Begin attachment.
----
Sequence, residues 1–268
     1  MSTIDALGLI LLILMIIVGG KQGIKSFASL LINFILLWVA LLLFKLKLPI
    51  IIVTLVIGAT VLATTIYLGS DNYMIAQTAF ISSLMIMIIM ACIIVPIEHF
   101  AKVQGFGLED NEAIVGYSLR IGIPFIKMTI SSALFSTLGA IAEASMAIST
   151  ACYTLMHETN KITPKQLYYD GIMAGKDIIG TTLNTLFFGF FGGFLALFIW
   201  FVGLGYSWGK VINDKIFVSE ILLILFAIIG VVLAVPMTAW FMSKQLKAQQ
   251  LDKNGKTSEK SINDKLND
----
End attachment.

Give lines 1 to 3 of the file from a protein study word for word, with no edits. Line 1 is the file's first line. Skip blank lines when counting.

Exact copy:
Sequence, residues 1–268
     1  MSTIDALGLI LLILMIIVGG KQGIKSFASL LINFILLWVA LLLFKLKLPI
    51  IIVTLVIGAT VLATTIYLGS DNYMIAQTAF ISSLMIMIIM ACIIVPIEHF